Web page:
In late 2005, One Economy launched an EITC information portal on the Beehive and began promoting it across the various local Beehive sites and posting bilingual flyers at community organizations across the country. The organization explained to Beehive readers how the EITC works and provided them with an interactive quiz they could use to find out if they were eligible for the tax credit. Through a partnership with Complete Tax, a Web-based tax-preparation service, Beehive users who met the EITC requirements were able to file their taxes online through the Beehive at no charge. More than 1,400 low-income users filed their taxes on the site, most of whom received the EITC. When all was said and done, the EITC campaign put a total of $1.8 million dollars back into Beehive users' pockets.
The Beehive site gave Snow Hill, N.C. resident Lisa Johnson something money couldn't buy. Not only does she use the Greene County edition of the Beehive to obtain information on local issues, but also to seek voting advice. When Greene County recently held elections to determine who would serve as County Commissioners, Johnson visited a special forum at her local Beehive where candidates provided answers to four questions. "I found this particularly helpful in seeing how they viewed issues that I know were currently affecting the county," Johnson said.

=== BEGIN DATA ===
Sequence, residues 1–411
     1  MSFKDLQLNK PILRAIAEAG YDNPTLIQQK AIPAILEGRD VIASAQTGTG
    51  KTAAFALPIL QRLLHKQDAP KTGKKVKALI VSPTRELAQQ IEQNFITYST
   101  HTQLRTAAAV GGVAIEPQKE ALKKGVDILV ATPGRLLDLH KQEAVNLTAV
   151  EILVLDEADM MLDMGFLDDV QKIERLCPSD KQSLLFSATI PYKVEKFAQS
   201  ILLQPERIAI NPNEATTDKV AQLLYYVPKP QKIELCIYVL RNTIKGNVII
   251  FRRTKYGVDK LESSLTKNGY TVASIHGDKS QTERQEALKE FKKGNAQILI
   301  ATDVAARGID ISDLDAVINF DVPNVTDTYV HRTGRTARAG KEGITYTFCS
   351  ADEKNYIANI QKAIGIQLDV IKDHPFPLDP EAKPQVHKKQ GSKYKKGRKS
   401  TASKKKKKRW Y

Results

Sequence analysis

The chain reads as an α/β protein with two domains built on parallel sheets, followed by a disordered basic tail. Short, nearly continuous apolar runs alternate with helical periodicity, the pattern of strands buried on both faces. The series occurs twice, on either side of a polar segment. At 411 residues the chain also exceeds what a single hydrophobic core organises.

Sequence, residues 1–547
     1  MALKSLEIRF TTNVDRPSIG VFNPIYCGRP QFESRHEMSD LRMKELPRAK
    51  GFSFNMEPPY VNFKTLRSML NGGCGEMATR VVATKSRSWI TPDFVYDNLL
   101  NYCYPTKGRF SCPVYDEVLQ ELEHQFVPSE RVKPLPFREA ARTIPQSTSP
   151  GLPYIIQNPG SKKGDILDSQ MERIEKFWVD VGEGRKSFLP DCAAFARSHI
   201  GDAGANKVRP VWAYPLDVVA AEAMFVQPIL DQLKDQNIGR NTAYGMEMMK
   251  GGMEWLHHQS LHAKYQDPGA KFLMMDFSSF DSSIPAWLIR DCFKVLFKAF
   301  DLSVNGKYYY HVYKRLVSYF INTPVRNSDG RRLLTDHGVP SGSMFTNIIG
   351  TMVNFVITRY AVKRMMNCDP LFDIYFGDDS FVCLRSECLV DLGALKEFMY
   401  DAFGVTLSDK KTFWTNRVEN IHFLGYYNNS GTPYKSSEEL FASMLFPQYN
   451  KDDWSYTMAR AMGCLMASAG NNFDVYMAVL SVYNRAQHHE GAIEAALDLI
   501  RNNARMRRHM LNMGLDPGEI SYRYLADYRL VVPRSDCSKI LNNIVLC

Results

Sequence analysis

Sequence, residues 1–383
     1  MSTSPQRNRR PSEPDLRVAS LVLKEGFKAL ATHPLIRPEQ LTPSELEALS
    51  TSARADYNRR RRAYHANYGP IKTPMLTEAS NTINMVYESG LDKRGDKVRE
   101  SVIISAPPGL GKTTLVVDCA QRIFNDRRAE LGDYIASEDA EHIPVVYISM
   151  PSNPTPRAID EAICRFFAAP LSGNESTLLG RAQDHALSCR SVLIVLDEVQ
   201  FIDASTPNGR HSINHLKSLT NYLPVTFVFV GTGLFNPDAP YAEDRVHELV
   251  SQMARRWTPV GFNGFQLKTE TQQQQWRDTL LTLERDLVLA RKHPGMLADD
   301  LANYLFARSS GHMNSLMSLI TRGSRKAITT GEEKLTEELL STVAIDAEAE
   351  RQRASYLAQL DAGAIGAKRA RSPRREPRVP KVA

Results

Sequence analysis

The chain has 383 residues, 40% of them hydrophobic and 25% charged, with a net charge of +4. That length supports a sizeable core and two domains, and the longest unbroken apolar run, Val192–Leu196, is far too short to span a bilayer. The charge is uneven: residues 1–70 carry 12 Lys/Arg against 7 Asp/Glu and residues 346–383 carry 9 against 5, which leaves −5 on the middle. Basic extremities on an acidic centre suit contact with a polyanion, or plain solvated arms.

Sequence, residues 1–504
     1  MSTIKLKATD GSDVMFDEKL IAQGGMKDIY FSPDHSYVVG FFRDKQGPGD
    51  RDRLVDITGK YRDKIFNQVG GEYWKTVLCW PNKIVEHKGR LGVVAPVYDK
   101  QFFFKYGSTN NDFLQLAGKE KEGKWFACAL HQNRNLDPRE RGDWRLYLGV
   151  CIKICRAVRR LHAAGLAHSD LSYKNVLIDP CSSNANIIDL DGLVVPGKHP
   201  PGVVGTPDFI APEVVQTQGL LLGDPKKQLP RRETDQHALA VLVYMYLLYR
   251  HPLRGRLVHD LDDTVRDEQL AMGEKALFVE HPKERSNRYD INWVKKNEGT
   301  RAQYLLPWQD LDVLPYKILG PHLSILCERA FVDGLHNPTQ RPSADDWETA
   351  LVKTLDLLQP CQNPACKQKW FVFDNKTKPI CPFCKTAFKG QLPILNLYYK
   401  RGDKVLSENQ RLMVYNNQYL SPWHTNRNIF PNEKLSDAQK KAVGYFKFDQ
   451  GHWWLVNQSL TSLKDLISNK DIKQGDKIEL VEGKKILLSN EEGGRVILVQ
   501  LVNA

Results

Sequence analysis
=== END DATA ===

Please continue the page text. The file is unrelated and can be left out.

On a more personal level, the Beehive has provided Johnson with a quick, helpful source of health information. Diagnosed with a high white blood cell count, Johnson uses Greene County's Health Chat message boards to ask questions and find out more about the condition. The answers she receives help her talk to her doctor in a more confident manner.
"This chat gave me the confidence and ease to be able to ask my doctor things that I wouldn't have dreamed of," Johnson stated, adding that this portion of the Beehive has had a profound impact on her and has helped put her mind at ease.
Youths Help Close the Digital Divide
Besides its efforts to bring Internet access and relevant information to economically disadvantaged families and individuals, One Economy provides technology training and education to local youths, ages 14 to 21, so they can return that knowledge to their local communities. Known as Digital Connectors, these teams of young people serve as their neighborhood's high-tech evangelists and support staff, all while learning skills that help prepare them for the job market or college.